Growing trade deficits with China eliminated or displaced 2.4 million U.S. jobs between 2001 and 2008. China’s manipulation of its currency, the Renminbi (RMB), is responsible for at least 1 million of these displaced jobs. The best estimates show that the RMB (or yuan) is undervalued by at least 40%, which makes U.S. goods 40% more expensive for Chinese purchasers and makes Chinese goods artificially cheap in the United States (and to a lesser extent around the world). China said over the weekend that it will follow a more flexible exchange rate, but as we learned yesterday, this does not ensure that the RMB will increase in value. While the RMB rose slightly on Monday, China’s big, state-owned banks intervened to pull it back down to the level of last week’s peg in overnight trading.
History shows that China will not allow its currency to rise significantly unless it is faced with the threat of real trade sanctions. In 2005, 67 members of the Senate approved legislation that would have imposed trade sanctions if China failed to revalue its currency. While the Senate measure never became law, that summer China did allow its currency to float, and it rose 20% over the next three years.
The world economy cannot afford to wait another three years for China to revalue, nor can we depend on China’s central bank to act responsibly. Congress must set a firm target and deadline for China to achieve a 40% revaluation of its currency.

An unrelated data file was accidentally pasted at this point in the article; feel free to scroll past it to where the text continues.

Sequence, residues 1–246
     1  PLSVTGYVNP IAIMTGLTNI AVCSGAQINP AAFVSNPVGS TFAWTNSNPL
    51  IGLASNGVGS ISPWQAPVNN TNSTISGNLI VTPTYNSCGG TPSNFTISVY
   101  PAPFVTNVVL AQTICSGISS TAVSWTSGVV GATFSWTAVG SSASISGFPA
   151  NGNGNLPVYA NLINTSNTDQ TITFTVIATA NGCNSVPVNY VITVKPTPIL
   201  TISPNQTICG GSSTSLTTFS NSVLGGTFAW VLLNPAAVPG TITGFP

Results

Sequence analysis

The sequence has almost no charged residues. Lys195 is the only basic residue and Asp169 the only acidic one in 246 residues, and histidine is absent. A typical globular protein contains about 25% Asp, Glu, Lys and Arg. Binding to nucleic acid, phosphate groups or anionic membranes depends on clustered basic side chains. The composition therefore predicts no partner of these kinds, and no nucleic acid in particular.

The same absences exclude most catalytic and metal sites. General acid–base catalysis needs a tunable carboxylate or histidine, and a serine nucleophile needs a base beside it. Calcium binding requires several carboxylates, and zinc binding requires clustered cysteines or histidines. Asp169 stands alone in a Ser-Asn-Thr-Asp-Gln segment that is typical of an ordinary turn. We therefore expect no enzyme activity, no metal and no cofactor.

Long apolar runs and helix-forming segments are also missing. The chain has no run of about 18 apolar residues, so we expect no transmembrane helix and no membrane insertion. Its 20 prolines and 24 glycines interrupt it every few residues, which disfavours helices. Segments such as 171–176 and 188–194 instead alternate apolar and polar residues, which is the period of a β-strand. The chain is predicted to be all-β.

China’s Central Bank announced that it will allow its currency to fluctuate 0.5% per day. Congress should give China until November 15 to raise the value of its currency by 40%, from the prior peg at 6.82 yuan per dollar to 4.85 (yuan per dollar). This will require the RMB to increase by 0.35% per day in this period.
Senator Charles Schumer told the U.S. China Commission last week that he and other colleagues would push for a vote on China currency legislation (S.3134) “within the next two weeks.” Congress should also impose a currency manipulation adjustment tariff that would raise the effective exchange rate to 4.85 yuan per dollar on any goods imported from China that arrive in the United States on or after November 15, 2010. No tariffs would be due if the RMB appreciates by 40% or more by that date. We also need to get tough with other currency manipulators such as Hong Kong, Malaysia, Singapore and Taiwan, but it will be much easier to work with those countries after China revalues.
China would surely respond to the threat or imposition of such a tariff by rapidly revaluing its currency. This would be in the best interest of the United States, the European Union, and most other countries around the world. It would also be good for China. It would encourage China to liberalize labor unions, increase wages, and take other steps to raise domestic demand for goods made in that country. It would also help manufacturers from the United States and other countries to compete on a level playing field, for the first time in more than a decade, and set the stage for sustainable world growth. It is time for China to shoulder responsibility for its own growth in the G-20 and the world economy.